In tribute to Mr Henry Flower c/o Westland Row Post Office, a bottle of Hogs Back Gardener's Tipple. Interestingly, for this sideline observer of the UK beer scene, the proud proclamation on the back label is "Brewery conditioned, for all the taste without the sediment". As a selling point that's a new one on me, but is there any truth to it?
Well yes. A gorgeous limpid red amber beer with a very gentle carbonation and lots of hard caramel on the nose. The body is firm enough to transform that into full-on toffee on tasting, with a spicy piquancy which I'd guess is hop-related, though it's very much a malt-driven beer. Rich and unctuous, yet wonderfully refreshing at just 4% ABV. British session beer, in a bottle, at its best.
Onwards and upwards to the 6% ABV stonker in the Hogs Back range: OTT. It's a dark ruby shade, jet black unless held up to the light. It's another complex one, with an almost vinous nose, offering a touch of port next to treacle and toffee.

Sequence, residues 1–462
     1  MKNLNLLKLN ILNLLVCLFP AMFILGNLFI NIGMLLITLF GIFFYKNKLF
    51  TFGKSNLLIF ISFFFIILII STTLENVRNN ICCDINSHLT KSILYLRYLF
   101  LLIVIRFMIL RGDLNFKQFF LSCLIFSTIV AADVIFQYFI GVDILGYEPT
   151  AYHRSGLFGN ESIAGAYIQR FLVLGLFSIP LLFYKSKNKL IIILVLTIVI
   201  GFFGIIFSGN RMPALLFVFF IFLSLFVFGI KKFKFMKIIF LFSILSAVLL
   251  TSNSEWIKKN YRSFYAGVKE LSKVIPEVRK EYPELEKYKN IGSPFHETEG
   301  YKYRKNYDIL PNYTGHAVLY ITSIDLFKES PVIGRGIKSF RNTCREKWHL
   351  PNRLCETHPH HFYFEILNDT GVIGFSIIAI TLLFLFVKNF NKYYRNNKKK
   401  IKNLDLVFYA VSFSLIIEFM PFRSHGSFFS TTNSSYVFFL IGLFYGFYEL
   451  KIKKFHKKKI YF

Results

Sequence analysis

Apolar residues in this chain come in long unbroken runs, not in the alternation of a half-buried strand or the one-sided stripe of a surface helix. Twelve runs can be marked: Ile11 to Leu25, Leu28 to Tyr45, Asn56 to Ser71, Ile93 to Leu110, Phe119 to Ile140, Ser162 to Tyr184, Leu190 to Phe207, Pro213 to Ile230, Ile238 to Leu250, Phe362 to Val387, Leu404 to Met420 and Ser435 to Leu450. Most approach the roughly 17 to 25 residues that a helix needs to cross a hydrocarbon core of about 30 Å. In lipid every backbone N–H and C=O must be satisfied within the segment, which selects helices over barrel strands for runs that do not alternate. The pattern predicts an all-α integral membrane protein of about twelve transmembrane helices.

The first thing I get from tasting it is smoke: a sweet and aromatic buzz reminding me a lot of Theakston's Old Peculier. Under that there's chocolate, spices, and a touch of butter. It's a filling after-dinner beer though drinkable enough to follow the first with another.
Whether the sediment that the brewery so zealously seeks to avoid would have any adverse impact on the flavour of either of these assertive ales is debatable. I reckon there'd be little lost through bottle-conditioning, though at the same time there's nothing missing from them as-is either. Clearly these are beers which should just be consumed and enjoyed without any scholastic musings on gas provenance.